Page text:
Palomar College and its faculty union agreed Thursday that $2.8 million in state money aimed at boosting the pay of part-time teachers will be freed up, a move that clears a major hurdle toward finalizing a first-ever teacher contract, the college and Palomar Faculty Federation announced.
The agreement, which calls for raises of up to 2 percent to be paid retroactively to part-time teachers, comes on the heels of a call from the college’s governing board at its Aug. 10 meeting, led by board member Darrell McMullen, to use the so-called parity money. The estimated $2.8 million comes from the state’s general fund and has been accumulating in Palomar’s coffers since 2001.
Though both union and administration negotiators agree that the college’s part-time salaries are not competitive, the administration has held the view that the parity money should be paid out only when all elements of the contract were settled. Thursday’s agreement allows for that salary boost to be paid out as soon as September, with approval of the college governing board, even though contract issues remain.
Better pay for part-time faculty was a key issue that sparked the drive to organize a faculty union at Palomar in 2000. The part-timers, also known as adjuncts, said they were being paid about a third of what a full-time teacher makes for doing essentially the same work.
The agreement came in the form of a memorandum of understanding signed by the executive board of the union. The agreement is expected to be up for approval by the college governing board on Sept. 14, 2004.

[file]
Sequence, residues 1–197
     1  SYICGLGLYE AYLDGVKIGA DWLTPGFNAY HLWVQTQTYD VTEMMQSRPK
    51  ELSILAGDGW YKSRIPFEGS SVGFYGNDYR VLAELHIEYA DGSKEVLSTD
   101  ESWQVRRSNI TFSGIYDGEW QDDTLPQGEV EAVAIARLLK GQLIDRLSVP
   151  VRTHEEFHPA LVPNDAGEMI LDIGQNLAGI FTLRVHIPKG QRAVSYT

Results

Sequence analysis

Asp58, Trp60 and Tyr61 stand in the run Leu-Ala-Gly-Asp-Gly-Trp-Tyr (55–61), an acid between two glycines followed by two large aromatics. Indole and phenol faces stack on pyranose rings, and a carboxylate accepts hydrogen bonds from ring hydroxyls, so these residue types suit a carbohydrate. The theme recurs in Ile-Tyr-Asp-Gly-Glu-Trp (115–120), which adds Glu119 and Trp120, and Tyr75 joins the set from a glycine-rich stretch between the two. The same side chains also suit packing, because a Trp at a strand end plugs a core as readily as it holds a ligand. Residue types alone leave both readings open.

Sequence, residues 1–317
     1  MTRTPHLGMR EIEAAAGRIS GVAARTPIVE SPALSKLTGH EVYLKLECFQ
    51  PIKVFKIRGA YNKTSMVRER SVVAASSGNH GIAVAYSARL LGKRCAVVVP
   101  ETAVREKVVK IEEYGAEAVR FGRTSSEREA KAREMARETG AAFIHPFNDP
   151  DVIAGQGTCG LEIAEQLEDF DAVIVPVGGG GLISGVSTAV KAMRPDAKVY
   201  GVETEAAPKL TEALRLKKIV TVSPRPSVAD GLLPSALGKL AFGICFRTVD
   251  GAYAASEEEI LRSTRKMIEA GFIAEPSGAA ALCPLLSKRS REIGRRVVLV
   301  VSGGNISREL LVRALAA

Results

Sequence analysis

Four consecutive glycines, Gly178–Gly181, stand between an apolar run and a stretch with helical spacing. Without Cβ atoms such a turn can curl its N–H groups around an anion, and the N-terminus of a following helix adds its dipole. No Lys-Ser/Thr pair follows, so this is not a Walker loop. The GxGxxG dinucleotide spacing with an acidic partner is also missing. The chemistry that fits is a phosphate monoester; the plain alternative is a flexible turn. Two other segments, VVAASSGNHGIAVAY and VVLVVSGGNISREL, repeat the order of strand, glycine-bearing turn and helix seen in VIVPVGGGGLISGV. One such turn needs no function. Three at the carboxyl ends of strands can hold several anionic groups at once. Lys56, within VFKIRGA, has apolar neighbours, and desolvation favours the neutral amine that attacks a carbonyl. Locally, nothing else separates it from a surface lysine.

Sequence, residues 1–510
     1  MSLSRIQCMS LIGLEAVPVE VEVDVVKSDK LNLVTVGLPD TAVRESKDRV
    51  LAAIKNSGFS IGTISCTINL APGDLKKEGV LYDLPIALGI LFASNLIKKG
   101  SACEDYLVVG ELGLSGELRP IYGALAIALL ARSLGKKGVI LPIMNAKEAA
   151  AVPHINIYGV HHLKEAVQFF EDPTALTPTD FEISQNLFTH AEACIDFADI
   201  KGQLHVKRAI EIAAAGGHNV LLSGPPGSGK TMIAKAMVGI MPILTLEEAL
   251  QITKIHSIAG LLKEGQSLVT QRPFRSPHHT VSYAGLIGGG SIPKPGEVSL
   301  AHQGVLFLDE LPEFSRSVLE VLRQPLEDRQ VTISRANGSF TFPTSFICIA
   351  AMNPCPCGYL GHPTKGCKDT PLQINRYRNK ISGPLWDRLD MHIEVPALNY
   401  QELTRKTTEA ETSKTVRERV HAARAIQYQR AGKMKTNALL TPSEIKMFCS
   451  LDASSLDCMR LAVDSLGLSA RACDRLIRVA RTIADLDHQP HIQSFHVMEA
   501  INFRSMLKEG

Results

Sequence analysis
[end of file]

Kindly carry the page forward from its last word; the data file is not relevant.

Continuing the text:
Interim Palomar President Richard A. Jones said that the agreement will boost faculty morale.
“This is an exciting day for all of us at Palomar College,” he said, “and, without question, our students will be the ultimate beneficiaries of happier instructors … We’ve reached an agreement that is very good news. Our part-time faculty deserve this.”
Mary Ann Drinan, a member of the union’s bargaining team, said the agreement will help Palomar’s efforts to bring part-time faculty on board.
“I think that Palomar has significant problems attracting part-time faculty,” she said, “and so, institutionally, it’s important for them to increase wages to be more competitive.”
The college and the federation have been in on-again, off-again contract talks since August 2001. Jones has listed resolution of the differences as a top priority of his interim administration.
Board member McMullen said that if the agreement is formalized, it will hail a show of good faith between the union and the administration that might smooth the way for resolution of other outstanding issues in the talks.
Chief among those issues, said faculty Federation co-President Julie Ivey, are salary, benefits, workload and class size. She also said the agreement could lead to an acceleration of efforts to settle the entire contract. Neither the union nor the college would comment on the details separating them on those issues.
Said McMullen, who is one of seven candidates for three board seats up for election in November, “The bottom line is, let’s get the money out to the adjunct faculty. It’s pass-through money from the state, anyway.”
The agreement would add $4.28 to the hourly pay of adjuncts who have taught at least one semester since the fall of 2001. They now earn about $41 an hour.
Jones said adjuncts would see a retroactive 1.75 percent salary hike for 2000-2001 and a 2 percent hike covering the academic years from 2002 through 2004. Adjuncts are paid only for the hours spent in contact with students in a classroom.
There are nearly 300 full-time members of the faculty who are joined most semesters by about 800 adjuncts to teach as many as 30,000 students who enroll at the college.